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# 6.3 Convergence of Sequences

6.19   Definition ( converges to .)

Let be a sequence of real numbers, and let be a real number. We say that converges to if for every positive number there is a number in such that all of the numbers for which approximate with an error smaller than . We denote the fact that converges to by the notation

Thus " means:

For every there is a number in such that

Since

it follows immediately from the definition of convergence that

We will make frequent use of these equivalences.

6.20   Example. If then

Proof: Let be a generic element of . I must find a number such that

 (6.21)

whenever . Well, for all in

 (6.22)

Now for every in we have

and by the Archimedean property of there is some integer such that . For all we have

so by (6.22)

Hence by the definition of convergence we have
 (6.23)

A very similar argument can be used to show that
 (6.24)

6.25   Example. In the eighteenth century the rather complicated argument just given would have been stated as
If is infinitely large, then .
The first calculus text book (written by Guillaume François de l'Hôpital and published in 1696) sets forth the postulate
Grant that two quantities, whose difference is an infinitely small quantity, may be taken (or used) indifferently for each other: or (which is the same thing) that a quantity which is increased or decreased only by an infinitely small quantity, may be considered as remaining the same[35, page 314].
If is infinite, then is infinitely small, so , and similarly . Hence

There were numerous objections to this sort of reasoning. Even though , we do not have , since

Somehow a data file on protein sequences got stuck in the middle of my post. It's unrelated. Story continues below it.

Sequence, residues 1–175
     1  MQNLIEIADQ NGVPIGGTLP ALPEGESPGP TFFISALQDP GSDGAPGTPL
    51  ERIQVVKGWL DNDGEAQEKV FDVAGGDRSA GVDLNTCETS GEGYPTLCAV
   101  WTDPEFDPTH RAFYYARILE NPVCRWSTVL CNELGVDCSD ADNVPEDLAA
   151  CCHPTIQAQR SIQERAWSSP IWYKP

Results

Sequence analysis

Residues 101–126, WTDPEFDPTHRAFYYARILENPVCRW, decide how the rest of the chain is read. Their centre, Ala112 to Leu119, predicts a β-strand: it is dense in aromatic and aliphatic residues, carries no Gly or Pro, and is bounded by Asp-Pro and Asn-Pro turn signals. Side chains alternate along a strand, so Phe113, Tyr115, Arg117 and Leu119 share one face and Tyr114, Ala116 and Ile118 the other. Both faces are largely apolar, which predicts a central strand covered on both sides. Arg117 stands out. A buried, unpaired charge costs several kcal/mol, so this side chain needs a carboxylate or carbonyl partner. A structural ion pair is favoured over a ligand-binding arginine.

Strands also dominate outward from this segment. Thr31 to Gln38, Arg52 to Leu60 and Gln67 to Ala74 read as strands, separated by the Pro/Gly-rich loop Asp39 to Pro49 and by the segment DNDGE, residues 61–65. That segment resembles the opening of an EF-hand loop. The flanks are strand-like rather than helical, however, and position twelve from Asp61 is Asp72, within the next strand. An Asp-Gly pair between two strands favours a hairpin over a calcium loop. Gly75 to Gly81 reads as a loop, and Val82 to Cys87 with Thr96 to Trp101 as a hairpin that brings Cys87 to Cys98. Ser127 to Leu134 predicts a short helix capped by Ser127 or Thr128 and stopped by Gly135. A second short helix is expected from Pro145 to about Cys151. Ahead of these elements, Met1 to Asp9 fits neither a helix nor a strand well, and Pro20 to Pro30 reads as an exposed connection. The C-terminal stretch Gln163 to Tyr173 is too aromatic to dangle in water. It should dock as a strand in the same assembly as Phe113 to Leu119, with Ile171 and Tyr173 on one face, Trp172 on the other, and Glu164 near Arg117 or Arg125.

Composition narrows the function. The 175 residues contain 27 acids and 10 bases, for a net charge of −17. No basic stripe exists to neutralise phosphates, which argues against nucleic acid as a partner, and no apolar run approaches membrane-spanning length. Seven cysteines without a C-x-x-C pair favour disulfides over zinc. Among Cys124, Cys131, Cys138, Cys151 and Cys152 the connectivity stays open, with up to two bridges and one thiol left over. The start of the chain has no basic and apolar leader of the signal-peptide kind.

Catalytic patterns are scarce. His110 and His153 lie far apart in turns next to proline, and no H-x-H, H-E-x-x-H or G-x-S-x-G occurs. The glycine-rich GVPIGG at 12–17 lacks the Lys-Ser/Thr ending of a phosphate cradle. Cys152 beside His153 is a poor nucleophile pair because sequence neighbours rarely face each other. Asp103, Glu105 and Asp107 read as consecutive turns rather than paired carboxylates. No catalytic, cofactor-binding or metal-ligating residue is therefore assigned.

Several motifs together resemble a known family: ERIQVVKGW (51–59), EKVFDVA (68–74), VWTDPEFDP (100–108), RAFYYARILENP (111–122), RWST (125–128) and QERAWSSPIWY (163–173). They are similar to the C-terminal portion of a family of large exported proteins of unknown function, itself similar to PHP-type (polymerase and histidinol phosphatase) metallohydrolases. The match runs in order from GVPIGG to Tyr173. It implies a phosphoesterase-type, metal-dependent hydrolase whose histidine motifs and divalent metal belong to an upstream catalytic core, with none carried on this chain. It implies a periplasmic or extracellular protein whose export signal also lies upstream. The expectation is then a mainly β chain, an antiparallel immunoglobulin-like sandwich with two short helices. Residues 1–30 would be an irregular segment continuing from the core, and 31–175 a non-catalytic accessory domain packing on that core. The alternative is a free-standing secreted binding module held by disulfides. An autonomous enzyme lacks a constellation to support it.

It took many mathematicians working over hundreds of years to come up with our definition of convergence.

6.26   Theorem (Uniqueness theorem for convergence.) Let be a sequence of real numbers, and let be real numbers. Suppose

Then .

Proof: Suppose and . By the triangle inequality

 (6.27)

Let be a generic element of . Then is also in . Since , there is a number in such that
 (6.28)

Since there is a number in such that
 (6.29)

Let be the larger of and . If is a positive integer and then by (6.27), (6.28), and (6.29), we have

Since this holds for all in , we have .

6.30   Definition (Limit of a sequence.) Let be a sequence of real numbers. If there is a number such that , we write . The uniqueness theorem for convergence shows that this definition makes sense. If , we say is the limit of the sequence .

6.31   Definition (Convergent and divergent sequence.) Let be a sequence of real numbers. If there is a number such that , we say that is a convergent sequence. If there is no such number , we say that is a divergent sequence.

6.32   Example. It follows from example 6.20 that

for all in . Hence is a convergent sequence for each in .

The sequence is a divergent sequence. To see this, suppose there were a number such that .

Then we can find a number such that

In particular

(since is an integer greater than ). Hence, by the triangle inequality

i.e., which is false.

Since the assumption has led to a contradiction, it is false that .

6.33   Exercise. A Let be a sequence of real numbers, and let be a real number. Suppose that as gets larger and larger, gets nearer and nearer to , i.e., suppose that for all and in

Does it follow that converges to ?

6.34   Exercise. For each of the sequences below, calculate the first few terms, and make a guess as to whether or not the sequence converges. In some cases you will need to use a calculator. Try to explain the basis for your guess. (If you can prove your guess is correct, do so, but in several cases the proofs involve more mathematical knowledge than you now have.)

This problem was solved by Leonard Euler (1707-1783)[18, pp138-139].

This problem was solved by Jacob Bernoulli (1654-1705)[8, pp94-97].
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Next: 6.4 Properties of Limits. Up: 6. Limits of Sequences Previous: 6.2 Approximation   Index
Ray Mayer 2007-09-07